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Iona Rozeal Brown | A3 The Revolution: Televised, Terrorized, Sexualized

October 23 - December 4, 2004

 

press release:

Opening Reception: October 23, 6:30 - 8:30pm

What is a revolution? Would you recognize it if you saw it? Would you realize if you lived through it? 
How would you react if you were a part of it?



Gil Scott Heron’s “the revolution will not be televised” was the rallying cry of a generation and part of the modern foundations of Hip Hop culture. It’s his cry for revolution that still poetically haunts us today. But what if a revolution were at hand? And television was just the beginning.

Brown’s new work expands the dialogue and critique with her a3 - afro asiatic allegory, exploring the complex issues of identity, commodity, sex, and liberation and as seen through the global expression, presentation and reinterpretation of Hip Hop culture.

Brown’s afro asiatic allegory, begins with her critically acclaimed, a3 blackface series initially sparked by the actions of Ganguro, a group of Japanese youth, who through stance, clothing, and hair style seek to take on the identity of African American youth of the Hip Hop generation. These youth then complete their extreme transformation by darkening their skin. Through her work, Brown explores this intersection of culture by merging the flat style of the Ukiyo-e woodblock prints of Japan’s Edo period with the presentation and incorporation of hip hop signifiers. She creates a powerful visual world, where afros meet kimonos, geisha wear Sean Jean, and, poignantly, Edo period Japan and Hip Hop become one. Brown’s work, filled with unique insight and wit, engages the viewer in subtle debate over the ever expanding globalization of contemporary hip hop culture.

As an extension of the blackface series, a3 pimping and pandering, directly examines the commodification of Black sexuality in contemporary Hip Hop. Brown references 18th century Shunga, the erotic work of the Ukiyo-e. The visual center of this work is the pronounced male genitalia, which visually and metaphorically consumes and dominates the piece. pimping and pandering addresses the unceasing promotion of the pathologies of sex, vice, consumption and conquest in commercial Hip Hop expression. 



In explaining the origins of these Blackface characters, Brown offers an imaginative narrative. She introduces a series of blind, ravenous, materially-minded creatures that are at the heart of the Blackface images – aptly named W.O.I.M.S – Weapons of Incoherent Mass Spending. These creatures seduce the Ganguro into obsessive consumption of styles, designer clothing and jewelry, transforming them into their Blackface form. Brown’s work from this series gives the viewer an imaginative look into the misadventures of the W.O.I.M.S., who when left to their own devices attempt to consume these objects of their unabashed material desire.



Brown’s artistic vision further explores this path of material obsession in her bling propaganda works, as contemporary Hip Hop remains engulfed in an obsession over Bling- diamonds and jewels. Brown uses the visual language of Chairman Mao’s propaganda posters as a reference for this unyielding devotion. Brown’s work in a singular visual moment shows the connectivity of our worlds. Missing digits and clothing bearing Sierra Leone’s flag are intense reminders of the brutal atrocities that occur in this country and many other African nations to fuel this insatiable global desire for diamonds, a desire that has been reignited by the fashion of hip hop. In this body of work, shimmering beauty, material devotion, and unimaginable suffering are reflected within Brown’s multi-faceted visual critique.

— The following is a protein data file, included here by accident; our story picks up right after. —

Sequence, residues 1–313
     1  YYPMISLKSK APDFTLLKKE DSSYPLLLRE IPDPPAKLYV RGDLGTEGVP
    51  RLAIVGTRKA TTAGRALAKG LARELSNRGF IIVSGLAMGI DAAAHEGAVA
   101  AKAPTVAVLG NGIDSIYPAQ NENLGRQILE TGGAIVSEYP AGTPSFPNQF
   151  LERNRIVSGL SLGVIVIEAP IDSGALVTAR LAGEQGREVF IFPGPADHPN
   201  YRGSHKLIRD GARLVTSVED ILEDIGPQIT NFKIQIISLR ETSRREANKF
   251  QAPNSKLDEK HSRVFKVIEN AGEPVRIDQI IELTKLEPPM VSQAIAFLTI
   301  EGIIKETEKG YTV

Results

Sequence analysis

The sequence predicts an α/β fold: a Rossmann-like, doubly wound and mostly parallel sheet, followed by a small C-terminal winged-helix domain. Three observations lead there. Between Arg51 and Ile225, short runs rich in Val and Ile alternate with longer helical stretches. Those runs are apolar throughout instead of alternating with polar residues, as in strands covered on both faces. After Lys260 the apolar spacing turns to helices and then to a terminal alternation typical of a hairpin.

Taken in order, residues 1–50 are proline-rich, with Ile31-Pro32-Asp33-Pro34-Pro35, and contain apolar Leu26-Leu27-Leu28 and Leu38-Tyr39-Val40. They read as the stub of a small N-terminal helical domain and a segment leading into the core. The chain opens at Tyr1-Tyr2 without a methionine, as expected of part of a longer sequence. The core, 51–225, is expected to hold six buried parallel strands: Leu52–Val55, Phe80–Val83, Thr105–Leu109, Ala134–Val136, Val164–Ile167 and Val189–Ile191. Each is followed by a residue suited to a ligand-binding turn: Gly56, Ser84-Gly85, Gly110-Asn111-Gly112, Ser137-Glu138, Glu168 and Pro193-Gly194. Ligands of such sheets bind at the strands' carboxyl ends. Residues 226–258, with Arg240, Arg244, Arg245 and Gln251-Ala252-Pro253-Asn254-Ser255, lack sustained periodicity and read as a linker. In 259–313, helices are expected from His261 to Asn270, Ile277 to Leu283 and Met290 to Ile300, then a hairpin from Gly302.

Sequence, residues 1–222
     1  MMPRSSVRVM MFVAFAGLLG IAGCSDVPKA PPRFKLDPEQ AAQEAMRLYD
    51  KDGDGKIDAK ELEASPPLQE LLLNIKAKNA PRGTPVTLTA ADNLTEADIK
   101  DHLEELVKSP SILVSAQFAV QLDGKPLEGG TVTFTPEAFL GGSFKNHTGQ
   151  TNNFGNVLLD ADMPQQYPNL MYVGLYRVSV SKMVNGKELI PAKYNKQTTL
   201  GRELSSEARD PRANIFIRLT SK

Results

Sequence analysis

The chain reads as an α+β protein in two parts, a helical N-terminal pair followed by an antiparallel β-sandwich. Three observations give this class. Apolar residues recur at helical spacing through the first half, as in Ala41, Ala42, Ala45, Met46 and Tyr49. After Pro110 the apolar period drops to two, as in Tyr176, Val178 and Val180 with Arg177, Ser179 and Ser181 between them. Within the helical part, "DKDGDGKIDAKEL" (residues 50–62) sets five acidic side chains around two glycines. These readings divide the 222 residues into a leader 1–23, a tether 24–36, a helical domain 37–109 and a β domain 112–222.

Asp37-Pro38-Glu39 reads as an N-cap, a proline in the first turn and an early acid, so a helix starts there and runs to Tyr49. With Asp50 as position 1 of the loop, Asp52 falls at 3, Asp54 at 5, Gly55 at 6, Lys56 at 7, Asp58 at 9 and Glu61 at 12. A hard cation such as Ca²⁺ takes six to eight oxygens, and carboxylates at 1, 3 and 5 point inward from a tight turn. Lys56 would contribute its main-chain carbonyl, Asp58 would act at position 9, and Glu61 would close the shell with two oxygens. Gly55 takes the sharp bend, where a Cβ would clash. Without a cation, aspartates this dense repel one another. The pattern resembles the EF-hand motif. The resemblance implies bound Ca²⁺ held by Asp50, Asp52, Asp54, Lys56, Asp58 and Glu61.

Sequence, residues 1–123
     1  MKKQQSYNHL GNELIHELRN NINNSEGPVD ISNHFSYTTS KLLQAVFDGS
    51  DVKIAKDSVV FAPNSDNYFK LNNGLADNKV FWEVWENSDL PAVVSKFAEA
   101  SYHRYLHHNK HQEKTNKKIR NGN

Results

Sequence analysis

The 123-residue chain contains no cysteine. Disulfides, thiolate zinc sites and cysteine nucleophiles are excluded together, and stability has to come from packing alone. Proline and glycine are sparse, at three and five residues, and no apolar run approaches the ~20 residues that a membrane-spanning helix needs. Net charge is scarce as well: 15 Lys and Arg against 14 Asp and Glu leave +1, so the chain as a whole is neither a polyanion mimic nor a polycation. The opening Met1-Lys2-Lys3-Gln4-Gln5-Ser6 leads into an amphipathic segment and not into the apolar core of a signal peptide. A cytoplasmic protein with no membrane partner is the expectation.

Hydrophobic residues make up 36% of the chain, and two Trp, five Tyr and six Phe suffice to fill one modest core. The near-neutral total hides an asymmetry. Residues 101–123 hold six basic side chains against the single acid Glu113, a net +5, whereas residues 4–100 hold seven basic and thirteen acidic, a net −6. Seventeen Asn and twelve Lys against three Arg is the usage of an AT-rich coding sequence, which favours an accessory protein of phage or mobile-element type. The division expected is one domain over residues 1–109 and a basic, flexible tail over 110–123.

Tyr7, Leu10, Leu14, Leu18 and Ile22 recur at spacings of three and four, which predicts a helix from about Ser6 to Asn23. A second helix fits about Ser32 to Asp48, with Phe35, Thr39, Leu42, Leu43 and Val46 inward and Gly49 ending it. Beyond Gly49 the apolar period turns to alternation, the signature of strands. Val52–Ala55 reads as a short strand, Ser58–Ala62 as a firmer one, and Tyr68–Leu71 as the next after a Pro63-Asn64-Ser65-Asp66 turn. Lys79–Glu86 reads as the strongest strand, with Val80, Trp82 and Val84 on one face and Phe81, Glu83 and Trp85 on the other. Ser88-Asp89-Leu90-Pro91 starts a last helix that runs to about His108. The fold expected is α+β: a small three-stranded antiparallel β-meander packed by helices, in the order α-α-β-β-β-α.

Brown’s work continues to break down barriers, exploring new ground while embracing the revolutionary spirit of hip hop with her a3 liberated: b-girl repping the east series. Against the backdrop of traditional afghan war rugs, Brown’s burka adorned women express their liberated lives and spirit through defiant and celebratory B-Boy postures and poses. The women in Brown’s series exude an enthusiastic confidence, an external pride that connects the recognition of the past with the promise of the new future.

Today’s global view of Hip Hop is often not shaped by the people or the music itself, but by the commercial characters, images, icons, and products that dominate contemporary videos, advertisements, and magazines. With this, commercials become identity and identity becomes a commercial. An identity that emerges as a prepackaged kit that creates instant culture. Brown’s work explores this misunderstanding. Her work urges a greater cross-cultural dialogue and speaks to the possibility of Hip Hop as a true force and catalyst for positive revolution.

A graduate of the Yale School of Art, the Skowhegan School of Painting and Sculpture and the San Francisco Art Institute, Brown is a native of the Washington Area and currently resides and works in Chillum, Maryland. 
Brown was recently featured in solo exhibitions at the Wadsworth Atheneum, Spelman College Museum of Art, Caren Golden and Sandroni Rey Galleries in New York and Los Angeles respectively along with group exhibitions at the UCLA Hammer Museum and the Studio Museum in Harlem. Brown’s work was also included in last year’s emerging artist’s exhibitions at both the Corcoran Museum and the Smithsonian Anacostia Museum. Her work has been critically reviewed in the New York Times, Washington Post, Artnet, FlashArt, Black Book, the Boston Globe, and most recently Elle Magazine. Brown’s work is in numerous public and private collections including Yale University, the New Museum, Wadsworth Atheneum, the Norton Family Collection and the Studio Museum in Harlem.



“… the revolution will be live.” – Gil Scott Heron 



Essay by Bennie F. Johnson.

 

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